So, friends brought over a small wheel of brie for lunch today. I started talking about the "ripeness" and how you can leave it to sit for a while to make it softer and more ripe, similar to leaving fruit for a few days. Then I realized I had no idea whether what I was saying was true! But I knew who would know....
You are correct! If you leave it to sit out on the counter, and not refrigerate it, it'll ripen more quickly. I'm a little bit of a food weirdo, so I leave my brie out for a few days, but my kitchen is relatively cool.
And remember, ALL cheese likes to be eaten at room temperature. Why is that? Well, without putting you, dear reader, to sleep, I'll keep it simple:
"Tasting" food involves engaging your taste-buds, respiratory system and brain into detecting volatile organic compounds (aka "flavor") emerging from the food. These compounds are released at about room temperature.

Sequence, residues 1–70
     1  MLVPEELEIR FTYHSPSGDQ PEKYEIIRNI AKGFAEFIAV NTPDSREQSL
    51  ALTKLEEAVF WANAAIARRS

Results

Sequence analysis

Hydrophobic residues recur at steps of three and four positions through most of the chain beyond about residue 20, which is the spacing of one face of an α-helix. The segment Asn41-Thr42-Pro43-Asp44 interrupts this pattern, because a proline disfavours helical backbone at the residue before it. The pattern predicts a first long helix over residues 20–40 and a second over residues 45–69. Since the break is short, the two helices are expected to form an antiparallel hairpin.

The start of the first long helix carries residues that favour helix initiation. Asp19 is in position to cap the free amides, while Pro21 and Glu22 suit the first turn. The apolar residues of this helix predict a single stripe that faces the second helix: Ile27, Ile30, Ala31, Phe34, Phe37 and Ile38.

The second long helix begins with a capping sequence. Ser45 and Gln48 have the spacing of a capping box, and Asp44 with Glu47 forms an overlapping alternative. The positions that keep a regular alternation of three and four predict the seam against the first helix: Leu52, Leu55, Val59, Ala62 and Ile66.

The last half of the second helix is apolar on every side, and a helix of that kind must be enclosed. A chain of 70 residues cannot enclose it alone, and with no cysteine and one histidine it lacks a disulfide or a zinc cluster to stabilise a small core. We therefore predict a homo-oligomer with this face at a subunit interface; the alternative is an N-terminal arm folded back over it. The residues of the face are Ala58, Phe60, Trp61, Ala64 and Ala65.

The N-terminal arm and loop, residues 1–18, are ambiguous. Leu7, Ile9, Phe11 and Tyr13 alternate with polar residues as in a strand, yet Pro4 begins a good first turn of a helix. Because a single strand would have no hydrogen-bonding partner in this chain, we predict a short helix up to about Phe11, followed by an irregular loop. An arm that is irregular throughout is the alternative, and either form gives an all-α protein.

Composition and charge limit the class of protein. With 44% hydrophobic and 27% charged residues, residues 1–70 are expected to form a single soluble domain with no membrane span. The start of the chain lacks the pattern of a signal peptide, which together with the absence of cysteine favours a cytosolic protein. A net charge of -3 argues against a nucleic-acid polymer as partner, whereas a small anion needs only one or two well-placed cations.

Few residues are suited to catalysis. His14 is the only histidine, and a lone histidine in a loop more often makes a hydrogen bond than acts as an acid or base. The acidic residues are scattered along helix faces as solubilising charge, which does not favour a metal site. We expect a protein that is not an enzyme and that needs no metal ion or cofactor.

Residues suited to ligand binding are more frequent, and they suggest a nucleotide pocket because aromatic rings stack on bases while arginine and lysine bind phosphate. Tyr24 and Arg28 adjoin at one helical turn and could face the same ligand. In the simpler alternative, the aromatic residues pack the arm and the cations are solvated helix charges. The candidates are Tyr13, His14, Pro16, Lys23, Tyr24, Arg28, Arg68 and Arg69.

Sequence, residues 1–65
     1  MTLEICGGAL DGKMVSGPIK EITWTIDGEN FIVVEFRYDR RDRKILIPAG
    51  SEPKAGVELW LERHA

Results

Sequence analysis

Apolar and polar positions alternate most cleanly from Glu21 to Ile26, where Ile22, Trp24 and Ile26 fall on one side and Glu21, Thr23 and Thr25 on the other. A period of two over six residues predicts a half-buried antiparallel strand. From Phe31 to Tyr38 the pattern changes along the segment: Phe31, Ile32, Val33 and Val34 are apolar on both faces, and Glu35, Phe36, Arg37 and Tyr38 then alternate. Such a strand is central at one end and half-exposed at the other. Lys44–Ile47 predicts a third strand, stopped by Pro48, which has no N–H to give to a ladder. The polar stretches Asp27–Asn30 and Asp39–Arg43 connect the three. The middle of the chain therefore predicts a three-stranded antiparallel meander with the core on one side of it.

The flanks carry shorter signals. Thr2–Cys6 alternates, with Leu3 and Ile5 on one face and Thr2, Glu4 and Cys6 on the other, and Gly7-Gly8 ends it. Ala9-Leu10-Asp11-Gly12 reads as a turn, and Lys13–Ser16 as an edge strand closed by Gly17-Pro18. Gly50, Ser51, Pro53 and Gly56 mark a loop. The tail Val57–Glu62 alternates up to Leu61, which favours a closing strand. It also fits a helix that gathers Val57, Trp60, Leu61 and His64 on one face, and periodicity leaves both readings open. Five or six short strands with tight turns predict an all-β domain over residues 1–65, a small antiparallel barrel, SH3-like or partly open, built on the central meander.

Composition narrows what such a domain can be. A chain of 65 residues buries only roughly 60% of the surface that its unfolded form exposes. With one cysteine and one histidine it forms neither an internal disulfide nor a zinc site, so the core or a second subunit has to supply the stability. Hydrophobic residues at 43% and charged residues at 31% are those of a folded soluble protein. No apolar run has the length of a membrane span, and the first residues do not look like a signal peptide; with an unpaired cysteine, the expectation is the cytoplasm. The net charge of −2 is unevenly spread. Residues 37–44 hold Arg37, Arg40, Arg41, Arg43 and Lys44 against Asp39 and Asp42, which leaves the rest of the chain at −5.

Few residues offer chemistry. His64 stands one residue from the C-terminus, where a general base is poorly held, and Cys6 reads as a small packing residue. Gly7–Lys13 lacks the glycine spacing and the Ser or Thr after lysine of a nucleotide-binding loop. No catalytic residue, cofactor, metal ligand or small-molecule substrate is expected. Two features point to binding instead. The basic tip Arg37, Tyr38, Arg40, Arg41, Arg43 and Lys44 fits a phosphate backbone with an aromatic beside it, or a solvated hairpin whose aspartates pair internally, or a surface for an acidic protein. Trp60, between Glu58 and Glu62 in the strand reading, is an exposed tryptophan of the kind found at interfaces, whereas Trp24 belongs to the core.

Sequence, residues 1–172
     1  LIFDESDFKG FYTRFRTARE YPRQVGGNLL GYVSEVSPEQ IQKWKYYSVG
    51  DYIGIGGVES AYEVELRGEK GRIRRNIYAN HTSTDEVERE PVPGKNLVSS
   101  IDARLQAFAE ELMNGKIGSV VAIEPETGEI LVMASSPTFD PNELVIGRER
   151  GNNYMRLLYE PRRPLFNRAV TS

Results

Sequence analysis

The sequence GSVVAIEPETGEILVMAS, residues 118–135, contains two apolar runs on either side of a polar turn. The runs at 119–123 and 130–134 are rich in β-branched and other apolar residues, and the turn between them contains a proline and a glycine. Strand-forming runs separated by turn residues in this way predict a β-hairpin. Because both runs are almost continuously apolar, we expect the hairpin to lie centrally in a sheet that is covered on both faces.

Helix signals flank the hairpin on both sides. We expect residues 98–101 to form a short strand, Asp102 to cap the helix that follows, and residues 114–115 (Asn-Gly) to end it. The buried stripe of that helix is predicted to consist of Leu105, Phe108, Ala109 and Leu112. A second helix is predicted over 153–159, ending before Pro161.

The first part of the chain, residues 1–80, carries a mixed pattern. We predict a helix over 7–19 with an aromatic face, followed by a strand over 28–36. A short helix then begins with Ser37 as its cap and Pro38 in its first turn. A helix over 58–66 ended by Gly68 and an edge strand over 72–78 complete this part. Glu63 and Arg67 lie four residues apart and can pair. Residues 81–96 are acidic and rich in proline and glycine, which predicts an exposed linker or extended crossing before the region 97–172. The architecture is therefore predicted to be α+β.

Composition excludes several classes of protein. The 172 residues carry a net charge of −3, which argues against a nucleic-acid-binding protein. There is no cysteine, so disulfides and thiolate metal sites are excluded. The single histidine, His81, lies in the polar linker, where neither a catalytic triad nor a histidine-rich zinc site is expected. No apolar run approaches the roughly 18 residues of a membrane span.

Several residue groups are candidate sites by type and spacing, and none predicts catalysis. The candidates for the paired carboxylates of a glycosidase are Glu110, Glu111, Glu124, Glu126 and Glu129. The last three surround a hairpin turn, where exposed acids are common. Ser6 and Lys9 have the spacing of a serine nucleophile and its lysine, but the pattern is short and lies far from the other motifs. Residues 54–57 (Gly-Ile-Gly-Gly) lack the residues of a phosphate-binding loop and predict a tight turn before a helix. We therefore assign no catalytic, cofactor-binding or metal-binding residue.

To give you an even shorter explanation: Butterfat. Butterfat holds a lot of the flavor, and butterfat is solid when cold and unctuous at room temperature. You want it unctuous.
Now, if you are not a food weirdo like me, and you prefer to refrigerate your cheese, please keep a few things in mind when bringing cheese to room temperature:
- Keep that cheese wrapped! Or in a container of some sort! You don't want it to dry out.
- The time it takes for your cheese to achieve room temperature has much to do with the temperature of your room. Cooler room = more time. Hot room = not too much time.
- The time it takes for your cheese to achieve room temperature has much to do with the texture of your cheese. Harder cheese = more time. Softer cheese = less time.
- The rule of thumb is about a half-hour to a full hour, but you may adjust according to the two rules listed above.
One more important thing to remember: Even if left out all day, your cheese isn't likely to "go bad." Unless the cheese is something very soft and fresh like cream cheese or fresh ricotta, and you're keeping it directly in the equatorial sun, the worst that will happen is, the butterfat will become completely liquefied and rise to the surface of the cheese. It will look like oil because that's what it is. There is no need for alarm. Just eat the dang cheese, already.